IMF spells out devaluation measures

IMF has recommended that government devalue the official exchange rate by about 40 percent so that it is pegged between K230 and K250 against the dollar and allow forex bureaus to sell dollars at any price if the country to solve the current forex shortage.

This would ensure that the country accesses IMF extended credit facility (ECF), which is crucial to unlocking millions of dollars in frozen aid, the institution has said.

In a memo, the IMF says that government has to immediately devalue the kwacha to address a foreign exchange shortage and stem a thriving black market.

But Minister of Finance Ken Lipenga on Friday said government is still engaged with the IMF over issues raised by its technical team in the memo.

In August last year, government devalued the kwacha by 10 percent, but at K166 to the dollar, the official rate is not as attractive as the black market rate of between K240 and K250 or more which, according to the IMF, is stifling private sector growth and worsening the shortage.

The IMF says the overvalued exchange rate has led to foreign exchange market rationing and multiple exchange rates which are key deterrents to private sector activity and diversification.

“The objective of the devaluation is to remove some of the demand for foreign exchange by putting the price for foreign exchange to a more market determined level,” the IMF says in the memo after its delegation visited Lilongwe in December.

“In addition, the supply of foreign exchange will be encouraged to move back to the formal market from the informal market as the price differential between the two will be closed up. The informal market will be significantly reduced.”

The IMF’s monetary and capital markets and legal departments came to Malawi last December at the request of government to assess how the current legal framework and practice need to be reformed to support the liberalisation of the foreign exchange regime and exchange rate flexibility under the ECF.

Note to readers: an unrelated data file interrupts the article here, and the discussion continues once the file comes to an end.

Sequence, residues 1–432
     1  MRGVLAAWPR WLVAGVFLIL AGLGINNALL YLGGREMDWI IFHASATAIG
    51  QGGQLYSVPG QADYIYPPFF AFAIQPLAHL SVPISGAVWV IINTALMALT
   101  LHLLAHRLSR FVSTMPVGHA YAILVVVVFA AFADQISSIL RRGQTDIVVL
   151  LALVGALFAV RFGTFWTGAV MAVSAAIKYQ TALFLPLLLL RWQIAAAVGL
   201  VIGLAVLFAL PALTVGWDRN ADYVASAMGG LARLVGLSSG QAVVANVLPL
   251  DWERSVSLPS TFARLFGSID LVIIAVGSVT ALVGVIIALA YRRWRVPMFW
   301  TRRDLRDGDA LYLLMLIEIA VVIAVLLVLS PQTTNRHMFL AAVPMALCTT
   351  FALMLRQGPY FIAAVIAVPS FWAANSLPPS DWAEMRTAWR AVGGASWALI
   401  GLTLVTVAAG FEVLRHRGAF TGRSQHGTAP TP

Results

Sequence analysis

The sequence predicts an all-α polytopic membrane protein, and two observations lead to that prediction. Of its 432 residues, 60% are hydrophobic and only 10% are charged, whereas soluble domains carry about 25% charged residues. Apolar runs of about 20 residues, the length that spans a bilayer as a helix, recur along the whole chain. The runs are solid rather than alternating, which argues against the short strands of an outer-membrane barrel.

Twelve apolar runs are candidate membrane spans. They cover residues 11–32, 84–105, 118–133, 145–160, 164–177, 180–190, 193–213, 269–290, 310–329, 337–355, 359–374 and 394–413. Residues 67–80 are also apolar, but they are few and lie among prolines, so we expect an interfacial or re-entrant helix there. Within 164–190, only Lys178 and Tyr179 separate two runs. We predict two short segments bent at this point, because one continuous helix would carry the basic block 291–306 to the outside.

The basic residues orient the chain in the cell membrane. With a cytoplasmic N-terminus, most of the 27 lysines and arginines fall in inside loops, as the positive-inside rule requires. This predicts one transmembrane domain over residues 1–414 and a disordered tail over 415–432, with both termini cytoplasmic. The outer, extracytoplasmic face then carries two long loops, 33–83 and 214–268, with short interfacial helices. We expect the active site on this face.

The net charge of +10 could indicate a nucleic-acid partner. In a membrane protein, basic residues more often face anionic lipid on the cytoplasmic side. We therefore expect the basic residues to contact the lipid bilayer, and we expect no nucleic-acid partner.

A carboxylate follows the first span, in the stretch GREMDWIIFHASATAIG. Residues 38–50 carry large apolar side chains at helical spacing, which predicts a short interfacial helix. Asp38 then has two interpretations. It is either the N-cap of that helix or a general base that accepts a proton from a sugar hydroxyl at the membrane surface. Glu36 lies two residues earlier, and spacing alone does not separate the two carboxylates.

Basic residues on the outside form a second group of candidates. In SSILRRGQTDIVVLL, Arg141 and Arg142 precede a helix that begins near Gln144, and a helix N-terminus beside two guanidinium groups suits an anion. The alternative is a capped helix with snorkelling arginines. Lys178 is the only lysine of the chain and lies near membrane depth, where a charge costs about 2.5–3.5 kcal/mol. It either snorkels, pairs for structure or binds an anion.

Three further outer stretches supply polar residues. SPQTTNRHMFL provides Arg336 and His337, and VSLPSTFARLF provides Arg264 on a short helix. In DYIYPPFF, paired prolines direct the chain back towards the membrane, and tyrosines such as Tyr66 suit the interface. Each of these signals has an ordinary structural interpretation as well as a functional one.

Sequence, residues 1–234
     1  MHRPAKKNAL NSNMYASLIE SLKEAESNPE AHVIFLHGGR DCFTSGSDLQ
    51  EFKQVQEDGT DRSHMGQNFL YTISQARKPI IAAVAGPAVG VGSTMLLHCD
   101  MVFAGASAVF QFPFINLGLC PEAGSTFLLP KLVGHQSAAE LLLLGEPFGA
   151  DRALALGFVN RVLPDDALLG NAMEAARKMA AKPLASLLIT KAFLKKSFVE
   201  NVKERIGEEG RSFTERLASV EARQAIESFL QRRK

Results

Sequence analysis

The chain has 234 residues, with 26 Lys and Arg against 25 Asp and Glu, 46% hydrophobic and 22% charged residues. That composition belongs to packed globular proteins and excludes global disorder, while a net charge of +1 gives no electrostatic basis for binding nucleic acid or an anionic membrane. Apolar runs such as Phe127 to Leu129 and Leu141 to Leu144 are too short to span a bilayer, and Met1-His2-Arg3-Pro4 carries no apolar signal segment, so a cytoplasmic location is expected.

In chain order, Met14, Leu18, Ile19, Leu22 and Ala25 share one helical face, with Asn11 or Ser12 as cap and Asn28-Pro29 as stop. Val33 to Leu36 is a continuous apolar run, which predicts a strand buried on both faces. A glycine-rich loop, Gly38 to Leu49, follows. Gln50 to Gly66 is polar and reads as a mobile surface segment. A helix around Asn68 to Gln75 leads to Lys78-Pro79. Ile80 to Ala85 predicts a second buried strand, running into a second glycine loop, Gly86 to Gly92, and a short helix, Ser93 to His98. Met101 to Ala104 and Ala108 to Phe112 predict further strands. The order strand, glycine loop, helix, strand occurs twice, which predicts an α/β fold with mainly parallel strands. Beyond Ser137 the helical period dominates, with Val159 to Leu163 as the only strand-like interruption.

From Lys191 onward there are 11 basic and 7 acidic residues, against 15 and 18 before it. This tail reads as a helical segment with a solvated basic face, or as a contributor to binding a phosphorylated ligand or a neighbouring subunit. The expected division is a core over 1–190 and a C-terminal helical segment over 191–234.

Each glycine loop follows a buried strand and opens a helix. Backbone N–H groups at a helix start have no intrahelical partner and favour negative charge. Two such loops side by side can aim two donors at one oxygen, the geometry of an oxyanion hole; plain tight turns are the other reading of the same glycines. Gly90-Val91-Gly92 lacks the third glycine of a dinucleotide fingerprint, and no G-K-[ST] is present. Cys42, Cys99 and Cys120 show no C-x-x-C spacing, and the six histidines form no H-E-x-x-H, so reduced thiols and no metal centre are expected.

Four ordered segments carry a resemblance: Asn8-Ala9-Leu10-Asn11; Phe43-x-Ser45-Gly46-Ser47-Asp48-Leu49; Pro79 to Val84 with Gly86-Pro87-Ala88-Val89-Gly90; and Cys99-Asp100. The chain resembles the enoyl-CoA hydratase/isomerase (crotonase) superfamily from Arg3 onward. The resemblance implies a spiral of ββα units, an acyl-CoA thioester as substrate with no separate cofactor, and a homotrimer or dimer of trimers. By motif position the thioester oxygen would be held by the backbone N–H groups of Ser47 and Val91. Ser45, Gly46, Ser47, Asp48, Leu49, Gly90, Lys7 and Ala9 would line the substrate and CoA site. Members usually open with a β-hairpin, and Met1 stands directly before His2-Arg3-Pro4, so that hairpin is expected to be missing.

The Fund also has recommended that the central bank remove all restrictions that it announced early last year and foreign exchange bureaus be allowed to set prices.

“The objective of this is to unify the forex bureau and informal market at a market-determined rate and provide a market-based signal of the exchange rate – albeit from a relatively small part of the entire market,” the IMF says.

The IMF says that it is of the view that a move to a floating exchange rate regime is now unavoidable given the situation.

“Either a managed floating arrangement or a free-floating system might be considered…in both systems all economic agents are free to trade FX (forex) with whoever they want at prices of their choosing,” the memo reads in part.

The existing restrictions that the Fund wants removed include:

• The rules that prescribe the prices at which banks may trade forex with each other in their inter-bank market . There should be no official regulation on the inter-bank market;

• The rules that govern the forex bureau market which prescribe the exchange rates;

• The surrender requirement that obligate exporters to sell some or all of their forex to either RBM or banks at the official exchange rate.

Lipenga could not say when government intends to implement some of the IMF recommendations.

“Obviously, we are facing an economic crisis and that is why we asked the IMF for support…we remain engaged with them on certain policy measures that may impact on people’s livelihoods and it’s perfectly legitimate for us to raise these concerns,” he said.

A senior diplomat in Lilongwe said in an interview: “Although the 10 percent devaluation which Malawi effected on 8th August last year was a positive step, it could be argued that the benefits of this move were largely negated by the introduction of additional controls on the foreign exchange bureau rate, since the ECF programme is designed to liberalise the foreign exchange market and reduce the number of restrictions.”

President Bingu wa Mutharika last week rejected IMF advice, saying the devaluation of the kwacha would be inflational and would hurt the poor as prices of essential goods would go up. He vowed not to devaluate the exchange rate.

Malawi’s foreign exchange inflows are seasonal. During April-September, there is usually enough supply of foreign exchange from mainly tobacco exports. The lean period is between September-March when the Reserve Bank becomes the sole supplier of dollars which come from the country’s development partners.

The forex crunch has worsened because of low tobacco earnings and after key donors, including Britain, withheld budget support which has left the country teetering on the brink of collapse with massive fuel and forex shortages.

The situation has made it so difficult for the country to import essential commodities like drugs, fertilisers and fuel.

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